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Release notes

Product release: May 2024

Our latest development sprint focused on extending the power of the Push browser agent to detect and prevent identity attacks that evade traditional security controls. We’ve also enhanced our popular app banners feature, and added more API and webhooks options for managing Push programmatically.

What’s new this month:

  • SSO password protection

  • Phishing tool detection

  • Session token theft detection

  • URL blocking

  • Require a reason for app usage

  • Expanded API and webhooks options

Prevent SSO password reuse

Instead of trying to detect phishing websites and domains that constantly change, Push can now detect (and block!) SSO password reuse based on directly observing user behavior in the browser.

Our SSO password protection feature detects and blocks when a user enters their identity provider password on a webpage that does not belong to the IdP (e.g. Okta, Google Workspace, Microsoft 365, etc.)

You can choose to warn or block SSO password reuse and customize the message that end-users see.

Phishing block screen for end-users - KB 10109

See how it works

Detect Adversary-in-the-Middle phishing toolkits

The Push browser agent can now detect when employees visit websites that are using phishing toolkits such as EvilNoVNC and Evilginx. These tools can mimic legitimate login screens in order to steal credentials and bypass MFA.

Send detections to your SIEM or similar monitoring tool and add malicious sites to a blocklist in Push.

Phishing tool detection - config page - KB 10113

Learn more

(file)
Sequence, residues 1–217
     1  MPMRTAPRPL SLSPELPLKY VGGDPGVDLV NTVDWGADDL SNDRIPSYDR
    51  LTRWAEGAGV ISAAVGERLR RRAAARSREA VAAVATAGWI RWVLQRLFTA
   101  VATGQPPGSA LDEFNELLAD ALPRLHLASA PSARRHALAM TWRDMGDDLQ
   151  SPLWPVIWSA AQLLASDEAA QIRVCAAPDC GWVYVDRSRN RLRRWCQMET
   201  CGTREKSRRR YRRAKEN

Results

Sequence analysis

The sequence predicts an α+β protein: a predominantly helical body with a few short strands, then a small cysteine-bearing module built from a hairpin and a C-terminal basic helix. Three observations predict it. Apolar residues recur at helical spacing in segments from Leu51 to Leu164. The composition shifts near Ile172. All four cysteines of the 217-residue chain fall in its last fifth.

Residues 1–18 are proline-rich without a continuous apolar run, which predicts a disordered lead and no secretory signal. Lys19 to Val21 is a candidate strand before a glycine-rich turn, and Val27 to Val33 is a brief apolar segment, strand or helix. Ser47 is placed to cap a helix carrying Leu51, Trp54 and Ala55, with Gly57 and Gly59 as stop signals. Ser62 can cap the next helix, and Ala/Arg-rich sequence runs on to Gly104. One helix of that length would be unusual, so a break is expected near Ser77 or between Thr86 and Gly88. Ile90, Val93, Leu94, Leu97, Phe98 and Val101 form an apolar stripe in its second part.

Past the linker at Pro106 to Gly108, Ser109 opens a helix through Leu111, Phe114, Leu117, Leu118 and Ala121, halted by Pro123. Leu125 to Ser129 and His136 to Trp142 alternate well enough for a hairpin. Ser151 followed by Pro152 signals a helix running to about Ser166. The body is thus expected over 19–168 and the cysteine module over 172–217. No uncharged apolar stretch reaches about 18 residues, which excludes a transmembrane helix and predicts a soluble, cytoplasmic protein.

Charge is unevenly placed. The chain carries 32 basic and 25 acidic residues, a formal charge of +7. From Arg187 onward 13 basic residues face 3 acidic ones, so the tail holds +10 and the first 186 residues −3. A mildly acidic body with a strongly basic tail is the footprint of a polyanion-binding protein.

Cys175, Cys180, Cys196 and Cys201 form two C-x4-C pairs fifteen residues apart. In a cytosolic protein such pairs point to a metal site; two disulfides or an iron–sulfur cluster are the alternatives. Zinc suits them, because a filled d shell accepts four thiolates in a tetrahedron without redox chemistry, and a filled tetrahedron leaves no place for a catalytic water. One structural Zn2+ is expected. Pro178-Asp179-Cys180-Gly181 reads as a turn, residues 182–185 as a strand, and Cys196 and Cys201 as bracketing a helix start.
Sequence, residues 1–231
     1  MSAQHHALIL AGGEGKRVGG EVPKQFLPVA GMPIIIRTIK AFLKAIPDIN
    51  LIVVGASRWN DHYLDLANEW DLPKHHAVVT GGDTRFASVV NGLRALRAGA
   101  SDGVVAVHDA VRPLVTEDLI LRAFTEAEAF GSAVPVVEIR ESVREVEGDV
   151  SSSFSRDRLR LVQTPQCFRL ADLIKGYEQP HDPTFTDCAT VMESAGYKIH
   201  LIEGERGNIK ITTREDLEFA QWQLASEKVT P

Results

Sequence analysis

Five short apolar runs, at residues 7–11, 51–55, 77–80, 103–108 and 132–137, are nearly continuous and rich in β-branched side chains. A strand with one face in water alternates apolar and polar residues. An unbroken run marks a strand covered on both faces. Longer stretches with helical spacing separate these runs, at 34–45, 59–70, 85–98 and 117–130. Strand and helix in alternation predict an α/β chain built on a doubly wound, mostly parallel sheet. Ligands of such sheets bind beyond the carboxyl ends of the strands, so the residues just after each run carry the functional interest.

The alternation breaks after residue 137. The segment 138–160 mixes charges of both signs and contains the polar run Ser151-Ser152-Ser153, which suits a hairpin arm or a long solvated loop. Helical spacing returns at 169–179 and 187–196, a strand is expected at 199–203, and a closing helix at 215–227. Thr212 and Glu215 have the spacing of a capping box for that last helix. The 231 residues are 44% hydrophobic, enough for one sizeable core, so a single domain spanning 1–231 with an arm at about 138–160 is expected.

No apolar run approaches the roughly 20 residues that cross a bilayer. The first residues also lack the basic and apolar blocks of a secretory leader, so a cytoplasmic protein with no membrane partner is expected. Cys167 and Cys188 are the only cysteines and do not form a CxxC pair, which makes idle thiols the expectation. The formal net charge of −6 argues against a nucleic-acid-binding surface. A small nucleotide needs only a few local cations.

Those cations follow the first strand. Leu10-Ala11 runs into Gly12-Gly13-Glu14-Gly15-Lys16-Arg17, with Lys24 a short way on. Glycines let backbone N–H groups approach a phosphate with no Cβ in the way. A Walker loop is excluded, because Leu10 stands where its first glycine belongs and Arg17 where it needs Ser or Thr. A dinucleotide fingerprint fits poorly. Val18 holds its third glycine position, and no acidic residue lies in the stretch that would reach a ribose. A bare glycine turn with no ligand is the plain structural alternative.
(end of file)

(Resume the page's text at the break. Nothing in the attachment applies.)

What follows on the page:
Identify session token theft

You can now use the Push browser agent to inject a unique marker to the user agent string of sessions that occur in browsers enrolled in Push. By analyzing logs from your identity provider (e.g. Okta, Microsoft 365, etc.) or other app, you can use the marker to help you find suspicious activity that indicates a stolen session cookie in use.

Detecting session hijacking is extremely difficult when relying on device-based monitoring using EDR and network traffic. But by giving legitimate sessions a stamp of approval using the Push browser agent, you can easily identify access to apps from untrusted devices.

See how it works

Configure a custom blocklist of URLs

Prevent employees from visiting malicious sites you detect by configuring a custom blocklist of URLs in Push using the URL blocking feature. You can customize the message shown to end-users by adding your own links and instructions. Use Push’s REST API to programmatically manage URL blocking as part of responding to a phishing incident.

You can use this alongside other Push features like phishing tool detection to block access to known-bad sites you find.

Sample block page for URL blocking - KB 10112

Learn more

Require end-users to submit a reason when using an app

We’ve expanded our popular app banners feature to include a Reason mode that allows you to configure a custom message and require employees to submit a reason why they need to use a specific app before they can proceed to log in.

App banner - Reason mode - KB 10106
App banner in Reason mode

Learn more

Monitor ‘other apps’ list via Push API and webhooks

You can now keep a closer eye on all new observed cloud apps by using the Push API and webhooks to notify you of new entries on the “other apps” list or to retrieve specific details about accounts on these apps. The “other apps” list consists of apps accessed by employees that Push doesn’t recognize as work apps but that may still be relevant to your operations.

Learn more

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